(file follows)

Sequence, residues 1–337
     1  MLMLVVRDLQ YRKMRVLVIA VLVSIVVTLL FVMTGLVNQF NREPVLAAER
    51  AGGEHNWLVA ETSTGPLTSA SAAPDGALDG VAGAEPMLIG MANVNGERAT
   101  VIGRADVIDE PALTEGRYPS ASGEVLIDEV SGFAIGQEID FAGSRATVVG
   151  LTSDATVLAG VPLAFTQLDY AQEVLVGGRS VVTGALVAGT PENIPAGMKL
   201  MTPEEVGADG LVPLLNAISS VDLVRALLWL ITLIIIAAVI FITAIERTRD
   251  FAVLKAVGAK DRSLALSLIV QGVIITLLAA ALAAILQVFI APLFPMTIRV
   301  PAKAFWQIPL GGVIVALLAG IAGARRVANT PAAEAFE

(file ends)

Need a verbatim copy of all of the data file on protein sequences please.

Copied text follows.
Sequence, residues 1–337
     1  MLMLVVRDLQ YRKMRVLVIA VLVSIVVTLL FVMTGLVNQF NREPVLAAER
    51  AGGEHNWLVA ETSTGPLTSA SAAPDGALDG VAGAEPMLIG MANVNGERAT
   101  VIGRADVIDE PALTEGRYPS ASGEVLIDEV SGFAIGQEID FAGSRATVVG
   151  LTSDATVLAG VPLAFTQLDY AQEVLVGGRS VVTGALVAGT PENIPAGMKL
   201  MTPEEVGADG LVPLLNAISS VDLVRALLWL ITLIIIAAVI FITAIERTRD
   251  FAVLKAVGAK DRSLALSLIV QGVIITLLAA ALAAILQVFI APLFPMTIRV
   301  PAKAFWQIPL GGVIVALLAG IAGARRVANT PAAEAFE